Seattle Animal Shelter accused of safety issues, retaliation

Dog handlers and volunteers allege the city-run organization dismissed concerns, failed to warn about risky pets and has fallen behind on reforms.

A small tan dog appears in a window at the Seattle Animal Shelter

A sign on Theon’s kennel at the Seattle Animal Shelter explains to staff, volunteers and prospective adopters that he can be anxious and does better outside. (Genna Martin/Cascade PBS)

Kassandra Rocker really wanted a new best friend. The local animal shelter matched her with Grubauer – a 2-year-old Catahoula Leopard dog named after Seattle Kraken goalie Philipp Grubauer – as a foster parent with the idea that it would lead to adoption. 

“We jogged together, and I got this, like, ‘Oh my god, this is my dog’ kind of feeling,” she said. “I had always dreamed of having a dog I could run with and it was amazing. I thought he was the damn cutest thing in the world.” 

Rocker had previously owned dogs, studied pre-veterinary medicine and worked at a veterinary hospital when she came to the Seattle Animal Shelter last fall. Yet it was not enough to prepare her. 

Grubauer had a history of biting, but Rocker said the shelter never warned her before she took him home. In their two days together, she suffered four biting incidents. 

By the last instance – which she described as a vicious attack resulting in her gushing blood – Rocker knew she could not handle Grubauer. 

“I still have a scar on my shoulders from a puncture wound, and I was so beat up. I was bruised everywhere. I was bloody, everywhere,” Rocker said. “I had to step out of myself and say, ‘You can’t handle this and that’s OK because there’s someone that can, I hope.’ It just needs to be known. You can’t just send Gru home with anybody.”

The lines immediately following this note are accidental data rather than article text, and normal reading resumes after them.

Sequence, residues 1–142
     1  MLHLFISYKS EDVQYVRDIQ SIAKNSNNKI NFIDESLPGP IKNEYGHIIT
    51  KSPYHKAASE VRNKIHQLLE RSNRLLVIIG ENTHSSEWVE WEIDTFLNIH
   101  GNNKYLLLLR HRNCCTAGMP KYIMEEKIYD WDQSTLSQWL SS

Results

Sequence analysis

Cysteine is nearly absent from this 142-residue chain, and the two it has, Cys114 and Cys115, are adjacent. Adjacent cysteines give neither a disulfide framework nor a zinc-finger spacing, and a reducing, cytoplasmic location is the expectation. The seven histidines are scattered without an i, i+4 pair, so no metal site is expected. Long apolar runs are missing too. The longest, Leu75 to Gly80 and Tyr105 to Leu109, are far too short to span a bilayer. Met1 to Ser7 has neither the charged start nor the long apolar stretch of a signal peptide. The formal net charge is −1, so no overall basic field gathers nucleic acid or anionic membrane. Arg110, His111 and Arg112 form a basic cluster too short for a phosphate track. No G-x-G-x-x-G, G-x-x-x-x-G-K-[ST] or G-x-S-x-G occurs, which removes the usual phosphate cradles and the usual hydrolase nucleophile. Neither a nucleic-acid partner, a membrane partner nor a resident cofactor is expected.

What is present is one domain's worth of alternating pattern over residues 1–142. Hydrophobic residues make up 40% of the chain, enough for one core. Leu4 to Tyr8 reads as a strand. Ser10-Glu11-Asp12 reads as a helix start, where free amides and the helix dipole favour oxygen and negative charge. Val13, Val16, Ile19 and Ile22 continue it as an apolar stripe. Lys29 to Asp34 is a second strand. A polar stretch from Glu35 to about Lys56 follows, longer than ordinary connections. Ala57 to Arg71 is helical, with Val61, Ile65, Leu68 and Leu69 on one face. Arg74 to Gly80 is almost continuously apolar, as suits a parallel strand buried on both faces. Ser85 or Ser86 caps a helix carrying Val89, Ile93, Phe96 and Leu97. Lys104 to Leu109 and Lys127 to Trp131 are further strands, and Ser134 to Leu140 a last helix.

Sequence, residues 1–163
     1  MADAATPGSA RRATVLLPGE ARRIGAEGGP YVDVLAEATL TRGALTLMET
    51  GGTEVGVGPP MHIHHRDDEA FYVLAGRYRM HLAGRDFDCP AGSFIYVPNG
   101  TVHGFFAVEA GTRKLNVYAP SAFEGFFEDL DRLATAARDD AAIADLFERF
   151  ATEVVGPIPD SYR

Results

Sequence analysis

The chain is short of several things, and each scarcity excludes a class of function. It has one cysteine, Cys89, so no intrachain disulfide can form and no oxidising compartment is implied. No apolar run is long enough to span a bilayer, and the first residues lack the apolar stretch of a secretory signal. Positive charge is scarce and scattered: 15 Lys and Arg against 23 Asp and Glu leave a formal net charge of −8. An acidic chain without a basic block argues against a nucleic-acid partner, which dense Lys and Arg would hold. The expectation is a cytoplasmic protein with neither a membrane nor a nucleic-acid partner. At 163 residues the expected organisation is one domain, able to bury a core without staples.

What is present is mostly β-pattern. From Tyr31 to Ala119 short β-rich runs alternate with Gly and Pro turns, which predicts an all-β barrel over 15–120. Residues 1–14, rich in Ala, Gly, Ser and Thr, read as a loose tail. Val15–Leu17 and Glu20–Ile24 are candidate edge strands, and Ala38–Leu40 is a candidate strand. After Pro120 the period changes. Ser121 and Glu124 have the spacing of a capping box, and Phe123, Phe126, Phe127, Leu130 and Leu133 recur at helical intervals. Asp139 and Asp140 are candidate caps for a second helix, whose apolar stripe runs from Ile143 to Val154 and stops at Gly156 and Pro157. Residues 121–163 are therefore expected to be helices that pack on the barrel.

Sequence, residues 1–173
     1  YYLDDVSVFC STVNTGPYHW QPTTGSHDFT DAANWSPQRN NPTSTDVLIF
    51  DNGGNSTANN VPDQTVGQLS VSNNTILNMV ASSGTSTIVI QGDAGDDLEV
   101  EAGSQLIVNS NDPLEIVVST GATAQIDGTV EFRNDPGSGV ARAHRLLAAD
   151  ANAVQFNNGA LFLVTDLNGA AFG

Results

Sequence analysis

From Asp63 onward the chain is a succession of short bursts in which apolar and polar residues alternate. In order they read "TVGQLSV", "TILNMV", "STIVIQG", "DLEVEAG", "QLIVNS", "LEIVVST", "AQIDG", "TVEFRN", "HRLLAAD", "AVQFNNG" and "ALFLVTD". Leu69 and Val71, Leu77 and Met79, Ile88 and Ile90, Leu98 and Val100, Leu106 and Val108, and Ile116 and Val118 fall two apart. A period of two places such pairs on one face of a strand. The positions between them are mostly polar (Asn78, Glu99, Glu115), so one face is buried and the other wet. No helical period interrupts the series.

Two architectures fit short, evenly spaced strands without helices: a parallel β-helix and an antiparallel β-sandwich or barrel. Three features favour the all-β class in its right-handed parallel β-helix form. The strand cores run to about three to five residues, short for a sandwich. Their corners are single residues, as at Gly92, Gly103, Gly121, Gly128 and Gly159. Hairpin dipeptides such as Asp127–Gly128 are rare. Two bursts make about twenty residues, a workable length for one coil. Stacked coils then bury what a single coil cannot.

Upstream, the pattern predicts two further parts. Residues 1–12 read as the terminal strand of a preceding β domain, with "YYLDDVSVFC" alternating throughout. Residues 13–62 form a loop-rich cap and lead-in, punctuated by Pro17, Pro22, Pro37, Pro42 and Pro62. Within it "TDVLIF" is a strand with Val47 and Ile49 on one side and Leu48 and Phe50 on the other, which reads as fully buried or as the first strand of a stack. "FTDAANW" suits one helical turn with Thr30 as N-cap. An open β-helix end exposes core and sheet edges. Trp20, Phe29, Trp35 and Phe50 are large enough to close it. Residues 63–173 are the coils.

This story is part of Cascade PBS’s WA Workplace Watch, an investigative project covering worker safety and labor in Washington state.

Seattle Animal Shelter dog handlers allege such incidents reflect an increasingly fraught culture at the organization. Volunteers have accused shelter leaders of disregarding safety complaints, retaliating against those who voice concerns and failing to communicate clearly on policies or risks — endangering animals and their handlers while also taking a mental toll on those who keep the shelter running. 

More than 20 current and former volunteers and staff spoke with Cascade PBS, many asking to remain anonymous or be identified by first name only to avoid retaliation or damaging relationships within the local shelter community. Cascade PBS also reviewed nearly 100 recorded incidents of bites and dozens of records ranging from detailed animal files to email exchanges, including multiple internal reports detailing reforms that have yet to be completed. 

Shelter director Esteban Rodriguez said he was aware of issues with communication and the workplace culture, but those can take time to fix as a government agency. He emphasized he considers safety his top priority and pointed to department policies that are modeled on industry best practices. 

“It actually hurts me to hear that people are saying the culture is toxic,” he told Cascade PBS. “We have a list of things that we’re doing that we’re currently engaging on and that we’re actively pursuing so that we can create a culture that is inclusive, a culture where people feel that they belong, and they can do their good work.”

But the mounting concerns have led many to leave the organization, taking with them at least a century of combined experience volunteering with the shelter. 

“I think it was sort of a progressive decline over time,” said Pavi, who volunteered at the shelter for a decade before leaving at the end of 2022. “It was just systemic issues. … It became clear to me that things were not on a path to change anytime soon.” 

Gail Williams hugs her newly adopted pit bull Ozzy outside the Seattle Animal Shelter. (Genna Martin/Cascade PBS) 

Bite safety concerns

Most shelter workers will tell you: Bites come with the job. Working with animals means accepting a chance of being bitten, especially at a municipal shelter where they cannot choose which animals they take. 

But several longtime volunteers argue the shelter has adopted riskier practices for handling dogs with documented bite histories and should be doing more to prevent bites where possible.